Novel Writing

Reining it in: How to focus your #story so it doesn’t run away with you #amwriting

Animated sequence of a race horse galloping. P...
Animated sequence of a race horse galloping. Photos taken by Eadweard Muybridge (died 1904), first published in 1887 at Philadelphia (Animal Locomotion). (Photo credit: Wikipedia)

My new novel has topped 3,500 words of notes as I freewrite and brainstorm my way into an outline. I had a moment today when a sudden realization about what my novel is really about struck me. A shiver ran down my spine as I realized the possible implications of the totally subversive idea that emerged from the murky depths of my subconscious mind.

“This is big,” I thought.

And then, “This is probably going to piss a lot of people off.”

Muahahaha!

Not literally, but I was thinking it.

As I typed out the details of my idea, another idea struck me. By “struck me,” what I mean is that it wacked me upside the head like a baseball bat. Continue reading “Reining it in: How to focus your #story so it doesn’t run away with you #amwriting”

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eBooks, Novel Writing, Valley of the Bees

New cover design & website reveal

Today, I am excited to reveal the official, professional cover design of With Envy Stung: Valley of the Bees #1 and also announce that Valley of the Bees has its very own website!

Cover Design by Jennifer DeWeese at jendy.threadless.com.
Cover Design by Jennifer DeWeese at jendy.threadless.com.

Early this month, I learned that Smashwords was having a giant, sitewide sale that sounded like the perfect opportunity to market my new novel. If only I had my book set up for pre-order, I would be able to add links to the end of all of my other books and offer those books for free for the entire month. But I didn’t yet have my pre-order set up.

What to do? Get my pre-order set up already and get to work, of course! Continue reading “New cover design & website reveal”

Novel Writing, Writers on Writing

Learning a bit more and getting a bit better each day

Basic writing
Basic writing (Photo credit: Wikipedia)

Yesterday, I blogged about how I have used outlines to help me write the first two books in my upcoming Valley of the Bees trilogy. Today, I would like to talk a bit about what I am doing different while writing book II.

As I mentioned yesterday, I wrote book I, With Envy Stung, in a rush. I pushed myself to write a chapter each and every day over a 16-day period. This left me with some extremely light chapters. There was no set-up or transitions for any of these chapters. Instead, I just jumped right into the action and/or dialog and got right to it. Continue reading “Learning a bit more and getting a bit better each day”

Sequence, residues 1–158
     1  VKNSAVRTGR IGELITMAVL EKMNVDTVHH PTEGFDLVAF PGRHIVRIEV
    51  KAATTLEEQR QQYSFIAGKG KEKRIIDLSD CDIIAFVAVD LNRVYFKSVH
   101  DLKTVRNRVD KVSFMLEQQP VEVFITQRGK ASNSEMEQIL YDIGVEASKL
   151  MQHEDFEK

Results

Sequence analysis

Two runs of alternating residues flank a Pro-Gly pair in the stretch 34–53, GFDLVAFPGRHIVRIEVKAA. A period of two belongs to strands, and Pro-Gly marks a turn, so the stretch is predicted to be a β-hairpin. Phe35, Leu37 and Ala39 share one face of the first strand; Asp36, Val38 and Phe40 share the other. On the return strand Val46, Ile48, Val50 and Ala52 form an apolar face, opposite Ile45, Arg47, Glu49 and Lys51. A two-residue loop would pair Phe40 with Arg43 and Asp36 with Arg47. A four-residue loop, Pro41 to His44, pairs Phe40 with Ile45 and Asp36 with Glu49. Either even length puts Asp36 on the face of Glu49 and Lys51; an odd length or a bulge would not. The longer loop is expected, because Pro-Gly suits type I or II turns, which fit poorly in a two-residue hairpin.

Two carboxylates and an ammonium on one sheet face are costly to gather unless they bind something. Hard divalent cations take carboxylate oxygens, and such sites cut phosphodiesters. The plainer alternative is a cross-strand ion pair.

NaNoWriMo, Novel Writing, Romance

2014 NaNoWriMo Trashy Romance Challenge: Act 2 Scene Assignment 3

Write a scene in which your hero and heroine need to cooperate to get something done. Maybe they will decide to be friends or at least come to an agreement to be civil to one another until the task is complete.

Continue reading “2014 NaNoWriMo Trashy Romance Challenge: Act 2 Scene Assignment 3”

NaNoWriMo, Novel Writing, Writing Prompts

NaNoWriMo Writing Prompt: Rock ‘n Roll Zombie

rock n roll zombies
In case you wondered, this is the image that launched today’s NaNoWriMo writing prompt. I saw it on Facebook. I don’t know who it belongs to. If it’s yours, please let me know so I can add an attribution and throw you a link from my site.

What do you do if you want to participate in NaNoWriMo this year but you don’t know what to write and trashy romance novels just aren’t your thing? Why not try a writing prompt? I came up with one this morning that is completely different than the romance novel prompt I gave you a few days ago. If you like zombies, this one might be right up your alley! Continue reading “NaNoWriMo Writing Prompt: Rock ‘n Roll Zombie”

Novel Writing, Writing Prompts

Free novel idea: Three-Quarter Classified

A Novel Idea
Let me lend you a novel idea. | A Novel Idea (Photo credit: Jennifer Pickens)

I don’t know about you, but I get far more novel ideas than I could ever hope to write in one lifetime. I get so many story ideas, sometimes I just let them fly by and disappear into the never-written without ever bothering to stop and write them down. This morning, while reading a blog post on generating story ideas, I couldn’t help wondering if someone out there might one day be interested in taking one of my extra ideas and running with it.